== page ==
"An absolute peach of a part for a young actress."
Production History and Development
The company's inaugural production, written by Laura Ingram, who first encountered Nell’s story when she worked backstage at Drury Lane in the late 1990s, goes back to the very roots of (literally) the role of women in the theatre.
Following successful workshops in Edinburgh in 2014 (in collaboration with Black Dingo Productions and Tightlaced Theatre). The play was very well received and was favourably reviewed by Robert Peacock of Remote Goat.
“Lucy Formby [plays] saucy Nell with humour and relish… Short and fun-packed, much like Nell herself.”
Robert Peacock for Remote Goat
Another workshop presentation followed at the Pleasance Stagespace in London the following January, after which Orange Girl Productions presented “Nell” at Sweet Venues at the Edinburgh Festival Fringe in August, 2015. (Fringe Listing here)
Once again, the production was very favourably received, with two four-star reviews (from Fringe Guru and Female Arts, the latter critic also publishing the review under the coveted 'Highly Recommended' label in Fringe Review), and two five-star reviews (from Mumble and The Outlier).
“Mesmerising her audience… She held us in the palm of her beautiful hand.”
“Dynamite talent… I have seldom experienced such brilliance.”
“A sparkling, frequently funny, and thoroughly bawdy romp.”
“A brave piece with Lucy Formby gamely rising to the challenge.”
“It was hard to resist Nell’s earthy charm and the audience clearly relished the performance.”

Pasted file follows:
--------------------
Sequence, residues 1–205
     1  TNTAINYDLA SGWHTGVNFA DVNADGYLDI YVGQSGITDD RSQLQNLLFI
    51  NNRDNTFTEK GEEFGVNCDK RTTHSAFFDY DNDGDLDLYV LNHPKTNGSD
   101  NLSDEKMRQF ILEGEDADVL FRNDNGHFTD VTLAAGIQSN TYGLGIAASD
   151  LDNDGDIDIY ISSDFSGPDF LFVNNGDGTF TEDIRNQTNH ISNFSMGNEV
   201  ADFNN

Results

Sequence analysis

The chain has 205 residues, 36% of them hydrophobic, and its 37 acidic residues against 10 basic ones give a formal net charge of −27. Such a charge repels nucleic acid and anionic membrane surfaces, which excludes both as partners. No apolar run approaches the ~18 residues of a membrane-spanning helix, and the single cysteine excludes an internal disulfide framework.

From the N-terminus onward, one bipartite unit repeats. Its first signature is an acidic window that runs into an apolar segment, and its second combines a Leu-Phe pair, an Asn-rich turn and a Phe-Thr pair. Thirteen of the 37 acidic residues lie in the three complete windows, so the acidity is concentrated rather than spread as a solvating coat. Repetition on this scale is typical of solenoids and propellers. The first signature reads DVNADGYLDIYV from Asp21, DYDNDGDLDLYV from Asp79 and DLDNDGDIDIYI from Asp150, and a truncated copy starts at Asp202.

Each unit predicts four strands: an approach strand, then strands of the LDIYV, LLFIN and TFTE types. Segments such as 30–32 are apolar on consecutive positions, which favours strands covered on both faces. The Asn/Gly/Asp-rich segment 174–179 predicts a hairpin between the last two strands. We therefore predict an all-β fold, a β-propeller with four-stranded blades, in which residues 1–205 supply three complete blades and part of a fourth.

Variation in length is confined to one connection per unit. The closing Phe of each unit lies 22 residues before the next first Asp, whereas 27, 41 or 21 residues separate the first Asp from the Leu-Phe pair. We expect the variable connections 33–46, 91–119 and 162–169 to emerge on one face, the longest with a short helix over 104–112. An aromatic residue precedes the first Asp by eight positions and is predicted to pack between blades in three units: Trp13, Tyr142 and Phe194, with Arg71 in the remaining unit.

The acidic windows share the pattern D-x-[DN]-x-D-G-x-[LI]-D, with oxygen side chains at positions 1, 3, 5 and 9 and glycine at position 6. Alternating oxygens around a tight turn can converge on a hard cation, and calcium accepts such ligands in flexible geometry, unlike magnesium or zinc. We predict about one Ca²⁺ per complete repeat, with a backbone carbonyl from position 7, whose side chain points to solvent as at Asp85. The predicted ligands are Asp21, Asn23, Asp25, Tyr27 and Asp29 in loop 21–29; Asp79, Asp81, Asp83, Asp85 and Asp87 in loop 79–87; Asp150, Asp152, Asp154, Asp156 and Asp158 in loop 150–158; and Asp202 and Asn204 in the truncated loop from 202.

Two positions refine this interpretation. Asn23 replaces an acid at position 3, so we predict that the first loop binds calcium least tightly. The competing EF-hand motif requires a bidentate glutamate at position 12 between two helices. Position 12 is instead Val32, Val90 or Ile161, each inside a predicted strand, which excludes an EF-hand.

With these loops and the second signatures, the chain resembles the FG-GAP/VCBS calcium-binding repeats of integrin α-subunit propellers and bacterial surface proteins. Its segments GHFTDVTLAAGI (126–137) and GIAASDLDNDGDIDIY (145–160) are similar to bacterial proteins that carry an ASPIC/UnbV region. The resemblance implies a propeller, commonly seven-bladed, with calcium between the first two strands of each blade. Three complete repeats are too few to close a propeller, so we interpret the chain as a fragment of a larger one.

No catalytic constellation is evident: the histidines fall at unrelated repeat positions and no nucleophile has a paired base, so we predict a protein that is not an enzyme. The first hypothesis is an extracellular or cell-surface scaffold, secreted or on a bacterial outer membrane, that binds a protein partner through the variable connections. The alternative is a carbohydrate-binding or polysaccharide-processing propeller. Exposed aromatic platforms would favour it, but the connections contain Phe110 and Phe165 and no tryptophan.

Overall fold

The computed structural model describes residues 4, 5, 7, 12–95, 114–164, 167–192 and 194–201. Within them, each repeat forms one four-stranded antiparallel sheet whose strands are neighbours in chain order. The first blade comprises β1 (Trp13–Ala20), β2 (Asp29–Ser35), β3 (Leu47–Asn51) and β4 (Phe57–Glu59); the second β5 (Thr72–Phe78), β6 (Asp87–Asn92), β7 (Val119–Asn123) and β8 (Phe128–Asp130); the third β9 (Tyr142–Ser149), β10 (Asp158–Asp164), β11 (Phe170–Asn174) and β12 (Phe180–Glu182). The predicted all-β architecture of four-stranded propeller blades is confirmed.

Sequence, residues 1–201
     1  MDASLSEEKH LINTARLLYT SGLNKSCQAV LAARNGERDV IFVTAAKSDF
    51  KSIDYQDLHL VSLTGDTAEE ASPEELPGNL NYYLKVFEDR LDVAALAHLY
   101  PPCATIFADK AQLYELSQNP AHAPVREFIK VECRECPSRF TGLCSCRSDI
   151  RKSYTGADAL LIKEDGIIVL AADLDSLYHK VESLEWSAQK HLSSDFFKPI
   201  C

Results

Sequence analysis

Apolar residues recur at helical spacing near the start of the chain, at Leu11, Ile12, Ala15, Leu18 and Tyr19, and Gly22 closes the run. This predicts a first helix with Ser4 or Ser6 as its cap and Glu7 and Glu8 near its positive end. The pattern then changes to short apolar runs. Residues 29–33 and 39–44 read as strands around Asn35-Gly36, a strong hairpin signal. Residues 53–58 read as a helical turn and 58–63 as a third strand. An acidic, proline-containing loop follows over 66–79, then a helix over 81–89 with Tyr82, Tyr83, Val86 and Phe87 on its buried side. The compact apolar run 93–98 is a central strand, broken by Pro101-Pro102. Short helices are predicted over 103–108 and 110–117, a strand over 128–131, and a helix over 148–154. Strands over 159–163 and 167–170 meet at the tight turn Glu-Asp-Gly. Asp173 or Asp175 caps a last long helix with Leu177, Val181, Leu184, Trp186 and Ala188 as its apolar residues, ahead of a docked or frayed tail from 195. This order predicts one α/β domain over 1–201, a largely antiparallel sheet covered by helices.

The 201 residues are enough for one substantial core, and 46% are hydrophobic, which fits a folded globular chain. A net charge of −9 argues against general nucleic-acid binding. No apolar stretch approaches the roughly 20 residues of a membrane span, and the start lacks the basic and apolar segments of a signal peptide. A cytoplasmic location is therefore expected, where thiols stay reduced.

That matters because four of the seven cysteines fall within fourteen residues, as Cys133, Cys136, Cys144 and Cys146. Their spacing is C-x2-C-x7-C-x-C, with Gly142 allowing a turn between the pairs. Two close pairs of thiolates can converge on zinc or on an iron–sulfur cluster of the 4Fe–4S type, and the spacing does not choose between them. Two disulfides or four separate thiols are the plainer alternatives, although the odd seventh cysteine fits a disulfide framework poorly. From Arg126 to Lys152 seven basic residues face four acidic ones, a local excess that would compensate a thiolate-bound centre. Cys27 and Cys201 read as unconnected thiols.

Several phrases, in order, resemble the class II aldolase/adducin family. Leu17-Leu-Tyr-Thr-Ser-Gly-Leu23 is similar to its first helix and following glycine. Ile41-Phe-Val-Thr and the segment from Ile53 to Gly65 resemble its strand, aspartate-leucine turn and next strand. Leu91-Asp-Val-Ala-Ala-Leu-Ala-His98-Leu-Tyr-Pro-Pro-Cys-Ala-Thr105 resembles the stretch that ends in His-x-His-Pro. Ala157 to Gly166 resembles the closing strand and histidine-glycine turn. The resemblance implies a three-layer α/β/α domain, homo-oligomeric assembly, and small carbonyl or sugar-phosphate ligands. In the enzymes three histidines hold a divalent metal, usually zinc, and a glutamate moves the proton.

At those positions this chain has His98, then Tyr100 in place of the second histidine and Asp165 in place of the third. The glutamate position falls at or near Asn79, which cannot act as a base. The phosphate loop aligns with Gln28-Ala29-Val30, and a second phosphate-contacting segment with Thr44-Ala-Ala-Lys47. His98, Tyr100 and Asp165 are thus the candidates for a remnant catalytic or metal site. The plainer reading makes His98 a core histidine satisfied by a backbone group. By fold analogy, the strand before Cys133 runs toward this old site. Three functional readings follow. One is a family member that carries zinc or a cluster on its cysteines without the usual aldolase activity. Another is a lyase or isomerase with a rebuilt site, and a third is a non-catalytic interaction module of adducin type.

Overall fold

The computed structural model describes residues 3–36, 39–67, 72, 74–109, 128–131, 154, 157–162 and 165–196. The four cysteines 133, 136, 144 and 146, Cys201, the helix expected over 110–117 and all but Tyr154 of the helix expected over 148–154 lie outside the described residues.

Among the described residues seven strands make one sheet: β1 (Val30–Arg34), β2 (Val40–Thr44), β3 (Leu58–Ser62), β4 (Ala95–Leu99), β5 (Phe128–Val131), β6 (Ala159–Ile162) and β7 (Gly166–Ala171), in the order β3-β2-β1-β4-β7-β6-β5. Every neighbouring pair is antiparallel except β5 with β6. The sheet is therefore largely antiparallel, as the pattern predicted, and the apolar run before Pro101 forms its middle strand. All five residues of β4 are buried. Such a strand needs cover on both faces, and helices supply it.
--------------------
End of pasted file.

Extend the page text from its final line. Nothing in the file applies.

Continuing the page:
“This is no mere tart-with-a-heart piece – she’s got a brain too."
“This is a delightful play which will whisk you to the 17th century, entertain you royally and send you on your way with a sweetmeat.”
"An endearing and vivacious character who holds our attention for the hour long show with ease.”
About the Play
“The darling strumpet of the crowd”, nineteen-year old Nell is celebrated for her comic acting, particularly when she gets to dress as a boy to show off her legs. However, Charles Hart, her manager and former lover, keeps casting her in tragic roles to embarrass her in front of her new amour, King Charles II. Nell fears that if she cannot be her sexy, lively self onstage, the King will fall out of love with her off it. So, aided by the audience in the Pit, she concocts a plan to win Hart round and consolidate both her roles as comedienne and courtesan.
“There’s Hart’s and Rowley’s soul she did ensnare, and made a King a rival to a Player”
From ‘A Panegyrick Upon Nelly’, attributed to John Wilmot, Lord Rochester
Set at a very specific moment - just prior to the Epilogue of the penultimate performance of John Dryden's play, "Tyrannick Love" at Drury Lane in June 1669 – the play opens as Nell’s character, Valeria, has just stabbed herself for unrequited love (much to Nell’s disgust). Not one to die quietly, Nell laments to the audience in the ‘Pit’, debating whether to give up the stage to be more available to the King. On this level, it's about a woman's choices and power - professional and personal - and to what extent she is dependent on others for her livelihood, whichever choices she makes. Mainly, though, it's just good old bawdy fun.
"...the characterisation is excellent and there are some great flourishes of wit"
Robert Peacock for Remote Goat
Cast and Creatives
Nell - Lucy Formby
Producer & Script - Laura Ingram
Director - Andrew Corelli Jones